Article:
05 October 2009 00:00 [Source: ICB]
Which will come first - if anything?
The Copenhagen climate summit is supposed to craft a new and detailed global treaty to combat global warming - an expanded agreement that would extend the Kyoto climate treaty of 1997, which is due to expire in 2012.
But the meeting may well stumble on the same obstacle that kept the Kyoto treaty from ever becoming a meaningful and enforceable agreement - the inability of the US and China to agree on proportional participation.
With the December 7-18 Copenhagen conference looming, there is little indication that the US and China are any closer to a workable deal than they were in 1997.
The US government signed the Kyoto agreement, championed by then-President Bill Clinton. But the treaty was never ratified by the US Senate - and therefore never became legally binding US policy - because the Clinton administration never submitted the Kyoto deal to the Senate for approval.
With good reason. Even before the Kyoto treaty was signed, the Senate voted 95-0 to reject any UN climate-change treaty being negotiated then "or thereafter" that would limit greenhouse gas (GHG) emissions by the US and other developed nations "unless the protocol or other agreement also mandates new specific scheduled commitments to limit or reduce greenhouse gas emissions for developing countries parties within the same compliance period."
Even though Democrats nearly hold a 60-vote super-majority in the Senate, there is little prospect that the House will approve any sort of climate-change legislation of its own - much less any treaty that comes out of Copenhagen - without China's committed participation. To approve a treaty - such as the broadly opposed Kyoto agreement - two-thirds of the Senate must vote to approve it, meaning 67 votes.
"The Democrats don't have the votes," says Senator James Inhofe (Republican, Oklahoma), the Senate's leading global warming skeptic. "There are too many newly elected Democrats in the Senate who don't want to go home and tell voters that they just voted for the largest tax increase in American history," he adds, referring to Republican estimates that a cap-and-trade mandate would cost US consumers $2 trillion (€1.36 trillion) in higher energy costs.
Without China's participation, even a draconian US emissions mandate would have little or no impact on the world's climate. Even Environmental Protection Agency administrator Lisa Jackson, a dedicated climate treaty advocate, conceded in recent Senate testimony that the "US action alone will not impact CO2 levels."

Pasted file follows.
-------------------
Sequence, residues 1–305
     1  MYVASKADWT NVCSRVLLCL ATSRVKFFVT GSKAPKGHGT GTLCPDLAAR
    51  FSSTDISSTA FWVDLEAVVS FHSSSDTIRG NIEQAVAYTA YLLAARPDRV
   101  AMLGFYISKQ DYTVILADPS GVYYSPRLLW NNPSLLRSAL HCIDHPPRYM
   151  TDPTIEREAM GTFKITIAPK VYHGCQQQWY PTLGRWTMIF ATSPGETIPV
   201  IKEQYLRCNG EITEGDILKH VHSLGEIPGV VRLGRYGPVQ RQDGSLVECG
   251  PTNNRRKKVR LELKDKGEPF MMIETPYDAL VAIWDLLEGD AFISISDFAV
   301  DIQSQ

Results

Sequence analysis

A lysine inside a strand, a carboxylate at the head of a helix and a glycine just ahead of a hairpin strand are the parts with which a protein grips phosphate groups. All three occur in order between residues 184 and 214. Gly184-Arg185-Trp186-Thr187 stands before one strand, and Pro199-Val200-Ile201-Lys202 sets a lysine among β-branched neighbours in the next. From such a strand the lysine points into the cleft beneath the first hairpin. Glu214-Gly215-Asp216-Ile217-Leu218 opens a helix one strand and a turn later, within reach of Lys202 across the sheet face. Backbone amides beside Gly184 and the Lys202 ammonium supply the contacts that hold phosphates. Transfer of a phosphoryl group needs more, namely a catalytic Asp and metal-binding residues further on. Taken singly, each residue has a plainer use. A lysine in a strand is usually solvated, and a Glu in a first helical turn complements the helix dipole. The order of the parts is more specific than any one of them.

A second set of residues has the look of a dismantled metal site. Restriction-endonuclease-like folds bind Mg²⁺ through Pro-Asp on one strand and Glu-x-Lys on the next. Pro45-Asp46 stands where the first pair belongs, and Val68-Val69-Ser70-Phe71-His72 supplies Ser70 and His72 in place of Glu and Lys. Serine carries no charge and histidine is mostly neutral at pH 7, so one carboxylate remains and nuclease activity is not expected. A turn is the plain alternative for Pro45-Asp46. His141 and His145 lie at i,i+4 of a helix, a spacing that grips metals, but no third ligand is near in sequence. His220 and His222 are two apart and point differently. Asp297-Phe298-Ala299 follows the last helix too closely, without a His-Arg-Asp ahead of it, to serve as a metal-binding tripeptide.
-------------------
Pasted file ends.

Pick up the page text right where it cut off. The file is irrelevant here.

At the special UN climate meeting held in New York, US, in September - called as a sort of pep rally by UN Secretary-General Ban Ki Moon in the hope of building momentum for the Copenhagen meeting - Chinese President Hu Jintao again resisted calls for commitments by Beijing to greenhouse gas (GHG) emissions reductions.
Instead, he merely promised that China would work to reduce its carbon intensity, the amount of carbon emissions per unit of production. But China could cut its carbon intensity by 20% and still increase its emissions by 20% because of population and production growth.
Hu called on developed nations to provide funds and royalty-free green technology to developing nations if the latter are to make any substantive GHG cuts.
According to Representative Jim Sensenbrenner, of Wisconsin, the ranking Republican on the House Select Committee on Energy Independence and Global Warming, what likely would be hundreds of billions of dollars in additional funding aid and royalty-free technology would constitute "an unacceptable price tag for the beleaguered American taxpayer.
"In light of this, will the Senate ratify an agreement that lets China, India, Brazil and other major developing economies off the hook indefinitely?" Sensenbrenner asked. "I have my doubts."
There are at least 13 Senate Democrats who have voiced strong reservations about a climate-change bill, much less a new binding global treaty.
"So what does all of this portend?" Sensenbrenner asked. "My more than 12 years experience with international climate-change negotiations tells me that we are heading towards a repeat of Kyoto - namely an environmentally ineffective agreement that cannot be ratified by the US Senate."
Essentially, it is one of those chicken-and-egg quandaries.
Climate change treaty advocates say the US must enact meaningful emissions reductions legislation before Copenhagen in order to convince China and other developing nations to make parallel and binding commitments.
Opponents contend that China must make binding emissions reductions commitments before the US can be expected to burden its industry and consumers with harsh energy penalties inherent in any emissions caps and cuts mandate.
Although President Barack Obama spoke forcefully at the UN climate-change meeting about the need for concrete action at Copenhagen, he also emphasized that China and other developing nations have to do their part. That does not appear likely, given China's own statements.
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